Mostly savory with a touch of sweetness from the raisins, this humble little loaf began its life in 1939.
Thumbing through an old cookbook from 1939 “The New England Yankee Cookbook” I came across an oatmeal bread recipe, simple in ingredients, and it made four loaves! Although I love my usual oatmeal bread (recipe here) I’m always on the lookout for other bread recipes and I thought I’d give this one a try.
Since it used whole oats, and since I had a fresh bag of wholegrain spelt flour sitting in the pantry, I thought I would modify the recipe a little, well really a lot, and eliminate the white flour. I also cut the recipe in half, substituted butter for the lard, and added raisins. The recipe also suggested using either water or milk, so I used plain water.
The result was a lovely loaf with great texture and flavor. It was delicious buttered, and also smeared with regular or dairy-free cream cheese!
Rum Raisin Oatmeal Bread
Makes two loaves
- 1 cup golden raisins
- ½ cup dark rum (Meyers)
- 2 cups boiling water (or milk)
- 1 cup old fashioned oats
- 1 tbsp. unsalted butter or vegan butter
- 2 ¼ tsp. dry active yeast (1 pkt.)
- ¼ cup lukewarm water
- 1/3 cup molasses
- 2 tsp. salt
- 2 cups oat flour
- 4 cups whole grain spelt flour, about
Put the raisins in a small bowl and add the rum. The rum should just about cover the raisins. Let sit for one hour so they plump.
Boil the water and pour over the oats and butter in a large bowl. Let this sit for an hour as well.
Combine the yeast with the lukewarm water and let stand 10 minutes.
Add the molasses and salt to the oats and mix well. Then add the yeast mixture, mix again, and start adding the flour a cup at a time, beating vigorously, and reserving a cup. The dough will be quite sticky.
Add the raisins and a couple of tablespoons of the rum. Turn onto a floured board and with floured hands and a bench scraper, knead the bread, adding a little of the last cup of flour at a time until combined.
Place in a greased bowl and cover. Let rise until double in bulk, about an hour and a half.
Turn out the dough onto a floured surface, divide into two, and place in greased loaf pans. Cover again and let rise until doubled.
Bake at 350 degrees for around 45 minutes. The dough will not rise much more at this point.
When browned and sounds hollow when tapped, the bread is done. Remove pans and let cool on wire racks.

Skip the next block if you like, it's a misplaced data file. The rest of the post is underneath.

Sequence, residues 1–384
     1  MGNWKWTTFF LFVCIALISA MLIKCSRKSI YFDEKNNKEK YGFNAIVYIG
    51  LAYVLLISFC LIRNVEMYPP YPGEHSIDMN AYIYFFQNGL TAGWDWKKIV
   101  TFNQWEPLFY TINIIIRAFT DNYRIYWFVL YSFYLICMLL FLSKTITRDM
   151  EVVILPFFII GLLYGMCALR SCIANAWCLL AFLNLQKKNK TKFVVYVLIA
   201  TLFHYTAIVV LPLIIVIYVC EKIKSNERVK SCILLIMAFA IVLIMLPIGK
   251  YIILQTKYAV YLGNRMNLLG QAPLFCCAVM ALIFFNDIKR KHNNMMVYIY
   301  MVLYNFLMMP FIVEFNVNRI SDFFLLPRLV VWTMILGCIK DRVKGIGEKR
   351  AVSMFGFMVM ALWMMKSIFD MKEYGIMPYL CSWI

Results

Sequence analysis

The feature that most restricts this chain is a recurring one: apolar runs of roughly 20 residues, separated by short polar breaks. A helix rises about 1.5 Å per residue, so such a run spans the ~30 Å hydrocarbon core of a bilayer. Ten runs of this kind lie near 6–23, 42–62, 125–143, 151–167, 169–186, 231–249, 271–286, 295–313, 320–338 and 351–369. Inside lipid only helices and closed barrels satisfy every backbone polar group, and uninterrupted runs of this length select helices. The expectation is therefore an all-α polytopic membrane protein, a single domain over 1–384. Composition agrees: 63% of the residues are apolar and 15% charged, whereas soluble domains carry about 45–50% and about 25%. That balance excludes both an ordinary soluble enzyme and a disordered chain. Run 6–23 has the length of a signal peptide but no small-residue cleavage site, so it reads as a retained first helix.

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Thank you for this recipe, Dorothy. My mother will like this.
You’re welcome! I was pleased with how it came out, even halving the recipe!
Dorothy, I am dreaming of this bread with a cup of coffee in my robe.
We really enjoyed this bread!
Looks delicious Dorothy 🙂
Thank you! The raisins add a nice little bit of interest.
I would love to have a slice of this bread right now! Love the pairing of rum and raisins (one of my favorites) in it. 🙂
Thank you Ronit! It is a lovely flavor combination and worked well in this old-time bread.
Love such old recipes. I often use oats in breads, so will give this one a try soon. 🙂
Aren’t they great! Tried and true, and often simple in their ingredients and approach. Love oats in bread too!
It was good indeed!
That is beautiful bread, and I would love it…but I cannot see myself working this much to make it, so I will just enjoy looking at yours. 🙂
Well, I’ll save you a slice!
Hi Dot. This looks scrumptious. I’ve made oat bread but this is quite different. What do you recommend as a substitute for the spelt flour??? Thanks. Dee
Hi Dee! Since the spelt flour was whole grain, I think I’d go with King Arthur’s white whole wheat as a substitute. You can also use white flour which is what the original recipe used.
I love these old time recipes. This looks delicious and wholesome.
It really was good Judy, and I’ll probably make it again!
Ooh. Let me grab a my morning cuppa joe. ☕️🍃
I’m not a big fan of raisins, but if there’s rum involved I might change my mind!
Ah, dark rum too!
This bread looks healthy. Even with rum in it.
It is pretty healthy, and I have to think the alcohol bakes off, leaving just the flavor.
This bread sound wonderful–love those vintage recipes! 🙂
Thank you! I like them too, often I learn something really fun along the way.
Oh yes mail me an entire loaf please. Lol
I guess I’ll have to make the full four-loaf batch!
Looks incredibly moist! Raisins add so much flavor to many recipes. I’m not going to complain about the rum, either. 😎
I think the raisins do help keep this moist. In a lot of the old bread recipes, such as Boston Brown Bread, they added a few raisins for moisture even though the breads were savory and not sweet.
Oh yum! Reblogging!
Thank you! I’m honored!
I would not say no to a slice of this – trade you for the carrot cake? 😉
You’re on! I love them both!
The loaf looks amazing!
Wow it looks delicious, I really need to try this. I am saving this!!
Thank you! I hope you enjoy it as much as we do!
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